How do you say goodbye to someone who is here, but may never remember it? That is the question posed by Swedish author Fredrik Backman in this lovely novella, written to help him work through those questions. Narrated by David Morse, please read on for my review of
And Every Morning the Way Home Gets Longer and Longer
My first introduction to Fredrick Backman’s work, and it was a doozy. For a little read (just over an hour in audio and under 100 pages) the moments shine brightly, even through tears. And you will cry during this story, whether or not you have experienced the gradual letting go of a loved one or not: it’s hard not to envision yourself as Noah, or even as Ted: caught between the moments with too much to consider and ask.
In short, the story is a delightful goodbye as Noah, a young boy, sits and chats with his grandfather who is nearing the end of his life, as his cognitive functions are ebbing away. Hoping to provide Noah with some comfort, although not quite always remembering why, Grandpa shares his love of mathematics with the boy, and the realization that infinity can always find some guidepost in mathematical theory. A rather odd reference, that quickly becomes all encompassing, providing a pathway that allows curiosity and not fear to take over.
A gentle and quiet sort of goodbye that is shaded in shared moments and remembrances, gentle laughter, shared jokes, and the sweet scent of hyacinth in the air. Where Ted comes to find solace in his father’s company, realizing that perhaps their shared love for his son Noah is enough to hold on to.
Narration from David Morse was perfectly suited to this story: as the moments quietly move from one to another to grab your attention and reveal their beauty: over-reaching for, or even over-emoting to any one emotion would have been tragic. Morse avoids all of those pitfalls, presenting Noah, Grandpa and Ted clearly and insets and moments with Grandma (long gone) and the ever-shrinking park are presented to show the beauty and complexity of the story without distortion.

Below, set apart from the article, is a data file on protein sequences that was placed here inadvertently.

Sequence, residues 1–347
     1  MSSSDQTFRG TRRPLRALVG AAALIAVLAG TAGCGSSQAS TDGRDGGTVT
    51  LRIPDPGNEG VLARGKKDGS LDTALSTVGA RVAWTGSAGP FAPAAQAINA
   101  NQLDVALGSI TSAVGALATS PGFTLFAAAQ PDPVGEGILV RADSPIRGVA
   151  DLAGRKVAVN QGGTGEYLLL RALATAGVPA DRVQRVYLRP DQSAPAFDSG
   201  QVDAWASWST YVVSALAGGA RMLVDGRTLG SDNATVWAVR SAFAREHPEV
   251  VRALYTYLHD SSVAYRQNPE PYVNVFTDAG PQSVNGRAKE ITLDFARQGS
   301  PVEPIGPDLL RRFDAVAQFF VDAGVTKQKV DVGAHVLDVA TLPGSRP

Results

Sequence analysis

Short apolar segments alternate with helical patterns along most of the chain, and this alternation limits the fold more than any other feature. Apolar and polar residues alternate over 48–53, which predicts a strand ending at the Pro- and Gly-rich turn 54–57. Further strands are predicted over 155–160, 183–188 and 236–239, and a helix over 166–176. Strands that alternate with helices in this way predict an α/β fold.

Bring tissues, lots of tissues, for the story has moments that grab and squeeze the tears from you, even as the story itself is actually affirming life, letting go and honoring the love you shared. Providing a small framework for moving forward and letting go, even as that person is right there, in front of you, not remembering. Take an hour or two from your day – find a quiet space and listen to this story. Just don’t expect to emerge untouched.
Stars: Overall: 5 Narration: 5 Story: 5
Title: And Every Morning the Way Home Gets Longer and Longer
Author: Fredrik Backman
Genre: Literary Fiction, Novella
Narrator: David Morse
Published by: Atria Books, Simon & Schuster Audio
Published on: 1 November, 2016
Source: Simon and Schuster Audio
Audio Length: 1 Hour: 9 minutes
Get Your Copy: Amazon ♦ Barnes&Noble ♦ iTunes ♦ Kobo ♦ Downpour ♦ IndieBound ♦ Book Depository ♦ Google ♦Audible
The New York Times bestselling author of A Man Called Ove, My Grandmother Asked Me To Tell You She’s Sorry, and Britt-Marie Was Here offers an exquisitely moving portrait of an elderly man’s struggle to hold on to his most precious memories, and his family’s efforts to care for him—even as they must find a way to let go.
“Isn’t that the best of all life’s ages, an old man thinks as he looks at his grandchild, when a boy is just big enough to know how the world works but still young enough to refuse to accept it.”
Grandpa and Noah are sitting on a bench in a square that keeps getting smaller every day. The square is strange but also familiar, full of the odds and ends that have made up their lives: Grandpa’s work desk, the stuffed dragon that Grandpa once gave to Noah, the sweet-smelling hyacinths that Grandma loved to grow in her garden.
As they wait together on the bench, they tell jokes and discuss their shared love of mathematics. Grandpa recalls what it was like to fall in love with his wife, what it was like to lose her. She’s as real to him now as the first day he met her, but he dreads the day when he won’t remember her.
Sometimes Grandpa sits on the bench next to Ted, Noah’s father—Ted who never liked math, prefers writing and playing guitar, and has waited his entire life for his father to have time for him, to accept him. But in their love of Noah, they have found a common bond.
Grandpa, Grandma, Ted, and Noah all meet here, in this peculiar space that is growing dimmer and more confusing all the time. And here is where they will learn to say goodbye, the scent of hyacinths in the air, nothing to fear. This little book with a big message is certain to be treasured for generations to come.
A copy of this title was provided via Simon and Schuster Audio for purpose of honest review. I was not compensated for this review: all conclusions are my own responsibility.
Reading this book contributed to these challenges: